Computer simulation of activated sludge system performance is a critical tool for design, operation, and troubleshooting, and simulation of nutrient removal systems has proven to be particularly challenging. EBPR systems cycle bacteria through anaerobic and aerobic reactors, which selects
for polyphosphate accumulating organisms (PAOs) containing several microbial storage products (polyphosphate, glycogen, and polyhydroxyalkanoates). Conventional simulation programs utilize a “lumped” approach where process rates are calculated using bulk concentrations of biomass
and microbial storage products as inputs to sets of biokinetic equations. However, a newly developed activated sludge simulation program (DisSimulator) demonstrated that a range of PAO states (internal microbial storage product contents) is likely EBPR system, due to the variety of hydraulic
residence times experienced by individual PAOs (Schuler, A.J., in press). The total calculated process rates calculated using the state distributions were considerably lower than those predicted using the lumped approach. The result was that lumped simulations consistently overestimated EBPR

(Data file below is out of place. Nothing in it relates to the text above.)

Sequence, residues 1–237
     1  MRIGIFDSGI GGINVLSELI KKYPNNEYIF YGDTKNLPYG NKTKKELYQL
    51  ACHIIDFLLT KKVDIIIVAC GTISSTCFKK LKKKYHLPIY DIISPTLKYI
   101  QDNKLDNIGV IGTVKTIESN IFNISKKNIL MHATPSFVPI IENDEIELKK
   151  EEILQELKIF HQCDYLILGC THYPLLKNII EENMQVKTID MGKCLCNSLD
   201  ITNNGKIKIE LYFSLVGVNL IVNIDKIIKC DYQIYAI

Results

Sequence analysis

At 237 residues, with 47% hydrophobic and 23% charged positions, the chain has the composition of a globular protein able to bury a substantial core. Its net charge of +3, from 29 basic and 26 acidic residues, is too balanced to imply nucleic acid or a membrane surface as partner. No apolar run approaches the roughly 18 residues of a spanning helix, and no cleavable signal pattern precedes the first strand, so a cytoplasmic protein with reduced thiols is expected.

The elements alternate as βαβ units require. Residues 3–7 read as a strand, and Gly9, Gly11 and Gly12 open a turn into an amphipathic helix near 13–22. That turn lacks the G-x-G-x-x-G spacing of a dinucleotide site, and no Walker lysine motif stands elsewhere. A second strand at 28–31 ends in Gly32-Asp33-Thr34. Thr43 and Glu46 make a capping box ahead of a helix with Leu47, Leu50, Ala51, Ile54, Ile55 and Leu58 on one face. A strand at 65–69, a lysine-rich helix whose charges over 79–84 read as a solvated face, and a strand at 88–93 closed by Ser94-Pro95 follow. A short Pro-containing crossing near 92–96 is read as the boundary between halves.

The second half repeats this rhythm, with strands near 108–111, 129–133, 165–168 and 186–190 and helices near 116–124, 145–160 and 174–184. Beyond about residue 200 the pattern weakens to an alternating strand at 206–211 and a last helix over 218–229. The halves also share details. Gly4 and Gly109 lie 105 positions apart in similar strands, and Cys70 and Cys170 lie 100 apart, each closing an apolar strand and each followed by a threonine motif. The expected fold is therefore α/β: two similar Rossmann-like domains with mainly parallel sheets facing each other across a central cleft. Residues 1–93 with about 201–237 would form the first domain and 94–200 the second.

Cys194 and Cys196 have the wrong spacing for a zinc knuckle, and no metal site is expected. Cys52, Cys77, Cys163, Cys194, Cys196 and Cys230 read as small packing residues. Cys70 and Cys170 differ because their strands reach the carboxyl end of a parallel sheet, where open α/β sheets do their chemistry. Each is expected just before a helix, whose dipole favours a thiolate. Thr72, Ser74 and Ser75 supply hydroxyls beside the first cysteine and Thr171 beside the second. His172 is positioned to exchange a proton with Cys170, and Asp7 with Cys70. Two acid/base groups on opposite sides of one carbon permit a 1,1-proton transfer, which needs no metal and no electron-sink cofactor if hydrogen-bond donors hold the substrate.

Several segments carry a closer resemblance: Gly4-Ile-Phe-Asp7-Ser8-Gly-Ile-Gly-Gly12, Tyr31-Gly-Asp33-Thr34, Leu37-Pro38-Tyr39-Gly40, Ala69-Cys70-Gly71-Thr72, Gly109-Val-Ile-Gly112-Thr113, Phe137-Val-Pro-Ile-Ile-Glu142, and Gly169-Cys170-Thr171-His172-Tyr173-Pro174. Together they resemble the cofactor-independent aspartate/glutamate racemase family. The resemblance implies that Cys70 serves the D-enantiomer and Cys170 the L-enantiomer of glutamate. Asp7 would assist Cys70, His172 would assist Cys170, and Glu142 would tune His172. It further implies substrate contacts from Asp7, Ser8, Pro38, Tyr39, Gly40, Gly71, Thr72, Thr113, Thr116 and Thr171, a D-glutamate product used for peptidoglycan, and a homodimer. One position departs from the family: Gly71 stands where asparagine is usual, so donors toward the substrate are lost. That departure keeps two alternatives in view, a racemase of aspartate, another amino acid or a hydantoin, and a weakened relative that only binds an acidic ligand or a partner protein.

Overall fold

performance - this would tend to produce less conservative EBPR system designs than the distributed approach, and this could lead to undersized systems. In the current research, the effects of increasing the number of anaerobic and aerobic reactors in series on PAO states and EBPR performance
were evaluated. It is known that as the number of reactors in series increases, the distribution of hydraulic residence times (HRTs) decreases and plug flow conditions are approached (uniform hydraulic residence time for all hydraulic elements), as is assumed in lumped simulations. Because
HRT variation is the primary factor effecting PAO state distributions, there is a need to determine how changing hydraulic configurations affects EBPR performance with respect to state distributions. It was demonstrated that diversity decreased as the number of completely mixed reactors in
series increased, and this was because hydraulic residence time distributions decreased with increasing numbers of reactors in series (plug flow was approached). Although increasing the number of reactors in series brought lumped and distributed predictions closer together, there were still
large differences in these predictions, and so accounting for distributed states in full-scale systems is still likely to be important even in systems with several reactors in series. Based on these results, it appears that continued development of the distributed approach to activated sludge
simulation has the potential to improve design and operation of biological nutrient removal systems.
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